A Travellerspoint blog

By this Author: AnnaMickus

Vampires and drunken horses

Plata o plomo en Colombia

View MAP OF THE JOURNEY on AnnaMickus's travel map.

This time it was horses. And bulls of course. And 10 different sound systems blasting VERY loud music next to each other so that at no moment could you hear less than 3 different songs simultaneously, and at no moment weren’t your ears hurting from the ridiculously high volume. And it goes without saying that the music played nonstop for several days so that you even had to listen to it while sleeping.

And this time is was rum and aguardiente. Lots of it. And of course there was tons of beer. And let’s not forget the absurdly drunken people. The extra spice this time was that the heavily drunken men could be riding a horse making the poor horse do ridiculous moves trying to obey its master. Another extra spice was the cocaine. It wasn’t visible, but we heard there was lots of it around.

And of course there were street stalls selling all kinds of greasy sausages and unrecognizable animal parts. The most impressive one must have been the lechona, a whole baked pig that was stuffed with rice, meat and peas. The one mostly fitting our diet was the arepa, a thick corn pancake served with different kinds of fillings.

Obviously we managed again to arrive in a town during fiesta time. And you have probably guessed what country we are in – Colombia! Actually we arrived a few days before and decided to check out what the fiestas are like in this new country we just arrived in. Well as you already noticed, it is quite similar to the ones we have already witnessed. The horses were a new thing, though. We got to see these weird horse competitions where the horses walk this strange fast walking but with a slow pace. Then they walk over a stretch of wooden floor so that you can hear the fast steps of the horse shoes bang towards the wood. And when the audience sees a horse they think walk well they scream and applaud and cheer with their beers and glasses of aguardiente and rum. Rum seems to be really popular here, as does aguardiente, a cane alcohol flavored with anise.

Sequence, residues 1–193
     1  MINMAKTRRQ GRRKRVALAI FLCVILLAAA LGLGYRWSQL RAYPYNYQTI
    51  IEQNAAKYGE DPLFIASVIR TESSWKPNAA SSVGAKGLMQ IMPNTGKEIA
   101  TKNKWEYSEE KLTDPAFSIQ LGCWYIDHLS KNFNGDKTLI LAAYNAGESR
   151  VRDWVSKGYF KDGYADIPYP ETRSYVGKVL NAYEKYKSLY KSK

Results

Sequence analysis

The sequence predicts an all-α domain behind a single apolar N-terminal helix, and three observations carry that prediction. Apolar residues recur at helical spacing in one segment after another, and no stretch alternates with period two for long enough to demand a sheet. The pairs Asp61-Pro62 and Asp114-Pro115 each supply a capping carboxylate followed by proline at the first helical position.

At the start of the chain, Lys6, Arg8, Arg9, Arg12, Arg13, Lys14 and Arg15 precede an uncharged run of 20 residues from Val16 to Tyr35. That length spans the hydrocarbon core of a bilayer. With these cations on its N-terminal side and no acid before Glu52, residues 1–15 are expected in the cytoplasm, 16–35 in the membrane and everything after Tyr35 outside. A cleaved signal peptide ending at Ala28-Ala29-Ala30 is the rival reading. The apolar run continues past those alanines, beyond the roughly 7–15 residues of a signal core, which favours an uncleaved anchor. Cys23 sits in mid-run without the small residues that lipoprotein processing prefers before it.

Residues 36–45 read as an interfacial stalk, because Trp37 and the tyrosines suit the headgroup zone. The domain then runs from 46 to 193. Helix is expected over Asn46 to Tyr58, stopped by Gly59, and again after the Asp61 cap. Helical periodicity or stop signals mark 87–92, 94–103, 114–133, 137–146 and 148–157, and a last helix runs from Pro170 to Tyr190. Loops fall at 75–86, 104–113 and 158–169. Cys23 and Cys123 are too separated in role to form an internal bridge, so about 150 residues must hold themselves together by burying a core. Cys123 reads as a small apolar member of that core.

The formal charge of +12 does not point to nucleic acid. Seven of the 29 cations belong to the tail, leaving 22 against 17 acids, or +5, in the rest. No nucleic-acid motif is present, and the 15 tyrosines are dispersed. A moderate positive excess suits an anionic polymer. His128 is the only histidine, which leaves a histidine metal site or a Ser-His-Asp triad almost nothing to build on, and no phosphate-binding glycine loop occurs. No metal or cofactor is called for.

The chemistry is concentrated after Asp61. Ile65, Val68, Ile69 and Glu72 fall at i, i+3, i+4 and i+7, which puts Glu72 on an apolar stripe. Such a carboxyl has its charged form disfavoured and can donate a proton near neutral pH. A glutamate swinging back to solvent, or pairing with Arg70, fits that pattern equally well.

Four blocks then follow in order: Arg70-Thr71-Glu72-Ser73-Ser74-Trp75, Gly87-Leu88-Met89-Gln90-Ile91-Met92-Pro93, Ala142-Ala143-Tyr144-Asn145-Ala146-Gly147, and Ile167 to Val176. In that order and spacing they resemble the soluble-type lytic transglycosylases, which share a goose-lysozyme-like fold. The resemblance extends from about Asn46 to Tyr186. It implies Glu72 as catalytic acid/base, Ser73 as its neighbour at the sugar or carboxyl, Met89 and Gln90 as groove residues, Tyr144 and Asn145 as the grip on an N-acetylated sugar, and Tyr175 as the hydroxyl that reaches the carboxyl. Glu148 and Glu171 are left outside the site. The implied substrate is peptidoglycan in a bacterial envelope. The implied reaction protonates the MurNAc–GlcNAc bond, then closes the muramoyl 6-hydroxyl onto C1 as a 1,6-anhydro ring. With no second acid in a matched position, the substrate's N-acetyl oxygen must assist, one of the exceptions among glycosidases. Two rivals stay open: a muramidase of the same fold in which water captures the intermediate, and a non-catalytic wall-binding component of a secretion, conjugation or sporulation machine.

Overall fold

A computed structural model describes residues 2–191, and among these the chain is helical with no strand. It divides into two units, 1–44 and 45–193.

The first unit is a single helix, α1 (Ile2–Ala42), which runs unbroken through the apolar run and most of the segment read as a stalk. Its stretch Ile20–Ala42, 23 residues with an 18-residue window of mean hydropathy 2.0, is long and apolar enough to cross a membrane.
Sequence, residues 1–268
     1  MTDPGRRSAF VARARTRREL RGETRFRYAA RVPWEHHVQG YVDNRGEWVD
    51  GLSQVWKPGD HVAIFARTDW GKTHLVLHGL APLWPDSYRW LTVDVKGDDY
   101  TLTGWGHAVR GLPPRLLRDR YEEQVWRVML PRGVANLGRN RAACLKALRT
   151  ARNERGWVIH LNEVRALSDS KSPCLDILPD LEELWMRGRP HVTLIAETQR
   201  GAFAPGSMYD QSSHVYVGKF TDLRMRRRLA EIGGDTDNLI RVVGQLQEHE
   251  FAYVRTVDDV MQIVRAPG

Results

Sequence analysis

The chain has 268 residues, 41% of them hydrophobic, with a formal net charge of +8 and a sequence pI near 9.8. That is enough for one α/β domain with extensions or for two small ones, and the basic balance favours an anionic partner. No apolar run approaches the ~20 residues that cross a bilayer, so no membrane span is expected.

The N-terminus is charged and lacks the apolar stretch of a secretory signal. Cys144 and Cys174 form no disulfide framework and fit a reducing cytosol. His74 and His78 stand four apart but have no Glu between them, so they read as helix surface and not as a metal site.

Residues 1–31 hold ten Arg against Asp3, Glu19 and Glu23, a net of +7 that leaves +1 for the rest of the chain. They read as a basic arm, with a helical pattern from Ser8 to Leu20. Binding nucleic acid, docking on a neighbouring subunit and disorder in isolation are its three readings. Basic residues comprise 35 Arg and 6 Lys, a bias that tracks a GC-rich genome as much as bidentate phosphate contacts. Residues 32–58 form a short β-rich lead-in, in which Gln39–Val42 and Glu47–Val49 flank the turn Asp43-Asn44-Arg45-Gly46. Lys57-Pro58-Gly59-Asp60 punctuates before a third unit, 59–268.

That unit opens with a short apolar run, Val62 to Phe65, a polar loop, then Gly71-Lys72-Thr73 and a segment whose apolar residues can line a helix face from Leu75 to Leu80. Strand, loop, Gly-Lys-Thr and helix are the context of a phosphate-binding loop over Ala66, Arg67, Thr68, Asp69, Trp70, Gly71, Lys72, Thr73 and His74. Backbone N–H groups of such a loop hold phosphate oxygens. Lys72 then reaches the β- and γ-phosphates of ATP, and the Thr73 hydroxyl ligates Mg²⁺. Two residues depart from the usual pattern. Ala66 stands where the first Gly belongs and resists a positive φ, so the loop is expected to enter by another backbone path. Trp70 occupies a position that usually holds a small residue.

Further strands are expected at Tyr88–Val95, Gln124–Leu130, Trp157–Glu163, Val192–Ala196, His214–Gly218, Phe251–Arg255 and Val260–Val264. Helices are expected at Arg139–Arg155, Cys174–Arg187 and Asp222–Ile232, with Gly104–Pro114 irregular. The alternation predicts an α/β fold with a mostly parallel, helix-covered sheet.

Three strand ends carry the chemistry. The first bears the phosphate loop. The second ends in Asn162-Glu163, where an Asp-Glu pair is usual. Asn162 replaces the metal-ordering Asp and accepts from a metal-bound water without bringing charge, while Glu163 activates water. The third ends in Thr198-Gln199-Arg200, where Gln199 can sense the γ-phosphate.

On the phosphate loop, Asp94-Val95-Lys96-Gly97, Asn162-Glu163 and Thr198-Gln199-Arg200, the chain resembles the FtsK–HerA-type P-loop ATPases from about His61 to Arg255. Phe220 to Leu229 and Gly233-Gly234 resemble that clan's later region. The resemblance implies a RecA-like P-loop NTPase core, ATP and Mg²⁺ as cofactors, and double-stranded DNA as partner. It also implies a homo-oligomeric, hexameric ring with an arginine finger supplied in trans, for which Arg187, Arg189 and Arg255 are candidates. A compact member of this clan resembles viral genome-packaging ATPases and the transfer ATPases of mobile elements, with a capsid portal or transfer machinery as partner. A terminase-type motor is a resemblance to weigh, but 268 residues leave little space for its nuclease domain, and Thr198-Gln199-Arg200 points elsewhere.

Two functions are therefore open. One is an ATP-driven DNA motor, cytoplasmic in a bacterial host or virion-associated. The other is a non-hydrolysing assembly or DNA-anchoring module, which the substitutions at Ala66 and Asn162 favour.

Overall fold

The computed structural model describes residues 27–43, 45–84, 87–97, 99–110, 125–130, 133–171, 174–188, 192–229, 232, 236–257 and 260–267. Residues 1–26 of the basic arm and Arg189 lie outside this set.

On this festival we ourselves have been quite of a sight as well. People here seem to be more interested in gringo tourists than they have been elsewhere. One night when we were sitting with our new Belgian friend, Tom, in one of the beer tents (yes, we managed to find one where you only could hear the music from two other tents) people just kept coming up to us wanting to know who we are, shake our hand and wish us welcome. One guy new the words to every song (except one) and sat with us and sang for us for half an hour.

The festival started with a bunch of horses riding through town





It was interesting to sit and watch the fiesta evolve during the evening. Some people seemed to concentrate on the drinking while others were more interested in the dancing. And of course some fancied both. A funny thing was that even really tough looking guys were standing like small puppies around the dance floor gathering strength to ask somebody to dance, and when they finally did they danced to this really fast and joyful music really seriously with a concentrated face. When the song was finished they ran off the dance floor. Other couples knew their thing and danced like professionals to all kinds of different beats. But of course the music was Latino all the way, just different types of it like salsa, cumbia, reggaeton and loads more that I don’t know the names and the differences of.